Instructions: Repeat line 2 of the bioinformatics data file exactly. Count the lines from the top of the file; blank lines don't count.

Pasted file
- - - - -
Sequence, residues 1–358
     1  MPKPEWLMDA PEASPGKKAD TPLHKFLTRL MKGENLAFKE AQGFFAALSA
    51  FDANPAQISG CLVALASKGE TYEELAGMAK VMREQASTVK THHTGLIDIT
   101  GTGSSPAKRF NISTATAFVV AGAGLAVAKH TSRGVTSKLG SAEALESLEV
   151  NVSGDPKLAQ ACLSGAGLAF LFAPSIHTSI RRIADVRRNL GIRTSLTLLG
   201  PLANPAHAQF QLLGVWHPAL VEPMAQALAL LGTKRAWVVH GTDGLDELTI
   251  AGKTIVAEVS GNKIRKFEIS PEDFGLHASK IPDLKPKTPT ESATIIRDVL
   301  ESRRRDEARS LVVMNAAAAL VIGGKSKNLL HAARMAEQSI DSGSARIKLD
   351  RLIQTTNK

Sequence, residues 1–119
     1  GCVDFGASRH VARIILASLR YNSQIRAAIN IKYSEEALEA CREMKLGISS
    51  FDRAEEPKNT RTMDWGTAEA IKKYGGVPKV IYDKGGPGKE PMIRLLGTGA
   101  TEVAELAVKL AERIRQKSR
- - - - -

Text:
     1  MPKPEWLMDA PEASPGKKAD TPLHKFLTRL MKGENLAFKE AQGFFAALSA